Quite so, and consequently one is left with questions concerning the reconciliation of total objectivity with such subjective things as love and hate, virtue and vice, beauty, ugliness, purpose, meaning, or even happiness. Such matters defy quantification, but increasingly are explained away in scientific jargon. Their explanations suggest that everything – every thought and feeling one will ever experience – is nothing more than the firing of neurons. If this is the case then nothing means anything, everything that ever was, is, and ever will be is all a matter of happenstance. This attempt at fitting square pegs into round holes and saying all is well allows the individual to decide their own purpose or meaning. It takes away any responsibility to any other person but one’s self. In a culture so enslaved to radical individualism, the ability to determine the meaning and purpose of one’s own life is the ultimate propaganda.
Here lies the rub. From where does meaning come if divorced from a higher source? The postmodern ethos suggests that meaning and purpose come from within, which is rubbish. Meaning and purpose, in order to be true, must come from an objective, unwavering, external source. After all, it is not the ship that determines its course, but the captain. The spoon does not determine that its purpose is to be plunged into a bowl of ice cream. A hammer does not determine that it must hit the nail.
Here one brushes against the Thomistic quinque viae, in that all we are and know must come from beyond us. Meaning comes from the ethereal. To come from any but a source external would be to introduce subjectivity, relativity, and consequently meaninglessness. So doing leaves the task of meaning finding to determining what does and does not bring the individual wellbeing, but even this is a humanistic question, and so it is further reduced to pleasure and pain determining good and bad, right and wrong, because in the brain there can be observed neural firings that demonstrate each. Science has found it’s backdoor into the moral debate.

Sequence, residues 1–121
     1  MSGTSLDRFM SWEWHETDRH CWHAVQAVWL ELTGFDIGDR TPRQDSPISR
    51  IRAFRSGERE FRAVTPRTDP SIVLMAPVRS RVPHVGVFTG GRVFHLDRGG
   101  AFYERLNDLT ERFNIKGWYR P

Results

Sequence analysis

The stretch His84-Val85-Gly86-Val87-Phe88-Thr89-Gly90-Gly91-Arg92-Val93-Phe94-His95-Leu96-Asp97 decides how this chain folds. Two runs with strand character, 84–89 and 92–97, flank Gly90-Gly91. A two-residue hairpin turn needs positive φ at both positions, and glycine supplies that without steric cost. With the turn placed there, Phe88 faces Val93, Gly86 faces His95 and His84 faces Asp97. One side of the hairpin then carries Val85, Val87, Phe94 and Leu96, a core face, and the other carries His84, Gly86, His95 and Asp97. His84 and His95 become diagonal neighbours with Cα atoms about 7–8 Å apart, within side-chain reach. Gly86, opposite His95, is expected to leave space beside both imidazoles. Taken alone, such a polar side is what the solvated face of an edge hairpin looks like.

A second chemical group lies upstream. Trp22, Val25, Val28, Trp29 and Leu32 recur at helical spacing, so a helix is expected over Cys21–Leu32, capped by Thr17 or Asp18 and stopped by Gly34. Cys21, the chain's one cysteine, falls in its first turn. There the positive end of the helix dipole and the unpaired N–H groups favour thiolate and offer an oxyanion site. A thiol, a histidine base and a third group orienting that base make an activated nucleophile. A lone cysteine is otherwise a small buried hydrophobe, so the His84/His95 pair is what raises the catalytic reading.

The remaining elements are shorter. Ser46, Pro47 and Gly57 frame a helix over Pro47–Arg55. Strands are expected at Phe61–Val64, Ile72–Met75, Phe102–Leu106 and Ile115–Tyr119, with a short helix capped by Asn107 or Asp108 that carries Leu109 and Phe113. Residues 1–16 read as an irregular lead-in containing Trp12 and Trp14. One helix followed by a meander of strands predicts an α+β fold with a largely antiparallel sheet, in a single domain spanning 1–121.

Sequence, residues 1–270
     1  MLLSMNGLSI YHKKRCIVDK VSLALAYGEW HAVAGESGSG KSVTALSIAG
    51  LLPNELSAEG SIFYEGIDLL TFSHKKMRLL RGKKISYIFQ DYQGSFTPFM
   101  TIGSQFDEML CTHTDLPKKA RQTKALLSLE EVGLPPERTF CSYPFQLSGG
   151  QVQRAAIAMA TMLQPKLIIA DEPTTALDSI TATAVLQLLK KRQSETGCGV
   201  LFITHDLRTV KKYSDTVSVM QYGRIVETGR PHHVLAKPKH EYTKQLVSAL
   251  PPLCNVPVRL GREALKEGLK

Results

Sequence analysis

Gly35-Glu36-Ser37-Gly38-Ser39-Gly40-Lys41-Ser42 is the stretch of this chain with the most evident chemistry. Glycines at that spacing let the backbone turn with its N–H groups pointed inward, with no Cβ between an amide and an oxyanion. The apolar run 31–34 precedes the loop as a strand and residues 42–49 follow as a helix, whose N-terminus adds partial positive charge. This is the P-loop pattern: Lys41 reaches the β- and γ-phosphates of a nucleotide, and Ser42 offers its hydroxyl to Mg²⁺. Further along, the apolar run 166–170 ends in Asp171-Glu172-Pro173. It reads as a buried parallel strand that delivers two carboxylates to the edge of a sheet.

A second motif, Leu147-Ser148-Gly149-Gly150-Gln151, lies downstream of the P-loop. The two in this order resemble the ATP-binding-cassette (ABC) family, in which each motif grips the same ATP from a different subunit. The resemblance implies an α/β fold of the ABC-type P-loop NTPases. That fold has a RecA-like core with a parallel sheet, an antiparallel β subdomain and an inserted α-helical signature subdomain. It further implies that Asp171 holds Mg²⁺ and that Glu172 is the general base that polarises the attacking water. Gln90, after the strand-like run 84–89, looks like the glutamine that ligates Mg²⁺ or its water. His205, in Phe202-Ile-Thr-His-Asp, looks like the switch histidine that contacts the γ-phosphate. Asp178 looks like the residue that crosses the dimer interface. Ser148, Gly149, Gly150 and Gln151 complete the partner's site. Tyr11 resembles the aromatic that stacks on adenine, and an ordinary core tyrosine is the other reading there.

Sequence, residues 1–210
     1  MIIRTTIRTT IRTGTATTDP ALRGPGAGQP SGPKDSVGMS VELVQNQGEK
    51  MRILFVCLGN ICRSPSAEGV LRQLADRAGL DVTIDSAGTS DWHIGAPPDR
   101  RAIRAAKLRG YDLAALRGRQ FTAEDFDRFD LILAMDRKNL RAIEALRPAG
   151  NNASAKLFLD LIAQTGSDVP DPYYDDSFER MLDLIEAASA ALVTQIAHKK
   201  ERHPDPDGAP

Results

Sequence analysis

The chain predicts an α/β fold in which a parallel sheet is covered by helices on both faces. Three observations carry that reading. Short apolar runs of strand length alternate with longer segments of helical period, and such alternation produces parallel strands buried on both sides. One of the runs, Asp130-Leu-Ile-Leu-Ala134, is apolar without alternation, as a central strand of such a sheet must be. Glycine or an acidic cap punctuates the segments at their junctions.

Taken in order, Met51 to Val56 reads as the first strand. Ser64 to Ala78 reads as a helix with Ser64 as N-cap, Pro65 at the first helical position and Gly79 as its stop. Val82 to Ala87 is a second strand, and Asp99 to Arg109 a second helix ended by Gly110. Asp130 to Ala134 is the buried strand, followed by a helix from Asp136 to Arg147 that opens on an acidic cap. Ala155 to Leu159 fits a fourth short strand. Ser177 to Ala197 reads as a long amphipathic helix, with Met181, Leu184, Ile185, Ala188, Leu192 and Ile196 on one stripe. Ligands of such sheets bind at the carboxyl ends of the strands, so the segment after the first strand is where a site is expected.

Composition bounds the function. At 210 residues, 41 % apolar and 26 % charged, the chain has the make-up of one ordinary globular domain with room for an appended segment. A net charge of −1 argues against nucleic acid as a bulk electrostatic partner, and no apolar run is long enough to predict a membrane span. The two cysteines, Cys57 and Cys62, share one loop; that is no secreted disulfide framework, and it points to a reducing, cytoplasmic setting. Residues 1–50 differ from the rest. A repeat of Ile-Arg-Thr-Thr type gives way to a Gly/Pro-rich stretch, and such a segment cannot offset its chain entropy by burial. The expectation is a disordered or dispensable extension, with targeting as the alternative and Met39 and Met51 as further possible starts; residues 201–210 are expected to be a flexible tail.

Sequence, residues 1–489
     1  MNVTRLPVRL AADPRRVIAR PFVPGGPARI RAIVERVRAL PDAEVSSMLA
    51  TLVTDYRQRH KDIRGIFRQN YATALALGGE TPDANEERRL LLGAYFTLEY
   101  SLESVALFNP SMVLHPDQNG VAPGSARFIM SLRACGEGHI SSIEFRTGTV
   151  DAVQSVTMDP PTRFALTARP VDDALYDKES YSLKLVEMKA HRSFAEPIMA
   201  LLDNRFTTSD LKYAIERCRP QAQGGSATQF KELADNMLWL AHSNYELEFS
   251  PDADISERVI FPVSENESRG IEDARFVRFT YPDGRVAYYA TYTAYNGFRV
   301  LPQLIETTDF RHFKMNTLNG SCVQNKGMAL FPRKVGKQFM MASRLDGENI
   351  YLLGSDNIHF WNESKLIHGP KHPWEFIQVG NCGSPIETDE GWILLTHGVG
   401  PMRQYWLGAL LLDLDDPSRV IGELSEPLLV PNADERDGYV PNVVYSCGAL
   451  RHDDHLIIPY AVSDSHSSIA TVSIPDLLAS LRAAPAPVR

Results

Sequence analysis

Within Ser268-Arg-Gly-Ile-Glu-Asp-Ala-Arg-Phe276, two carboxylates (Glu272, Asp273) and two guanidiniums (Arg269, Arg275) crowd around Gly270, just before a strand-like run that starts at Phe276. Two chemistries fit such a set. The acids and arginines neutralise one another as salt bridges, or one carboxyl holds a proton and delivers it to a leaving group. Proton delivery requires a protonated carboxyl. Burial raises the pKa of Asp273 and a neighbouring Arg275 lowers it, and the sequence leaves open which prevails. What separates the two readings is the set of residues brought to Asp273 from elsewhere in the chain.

The problems created by such an approach are myriad but can be simplified by considering whether or not pleasure and pain are accurate measures of good and bad. Yes, such sensations are measurable, but there are quite a few additional considerations to be made. In our time, pleasure has been made the highest good, and pain the most abhorrent evil. Thus, the modern man has oriented every facet of his life towards the seeking of pleasure and the minimization of pain or difficulty.
This calls to mind perhaps one of the very oldest questions in the long and detailed history of inquiry – what is good? For the reductionist, a brain scan will indicate profound unhappiness in the brain of a missionary working in the slums of Calcutta. Such stench and misery will almost certainly trigger negative reactions in the olfactory areas of the brain, and to witness the immense suffering of these Calcuttans will make one feel sadness, pity, or compassion. Yet, serving the poor, the sick, and the destitute is traditionally held as morally upright. Objectively the individual performing the act is worse for wear, yet spiritually and socially he is providing a great service. Are we willing to call such selfless acts of charity bad because those who perform them walk away feeling sad and stinking of refuse? Surely not, but in a brave new world such as ours wherein scientists are “contemplating the fabrication of the human genome”, in a culture of death where even the very definitions of life and death are no longer tied to the intuition of many thousands of years, one cannot be so quick to assume that acts of charity will always be viewed so charitably.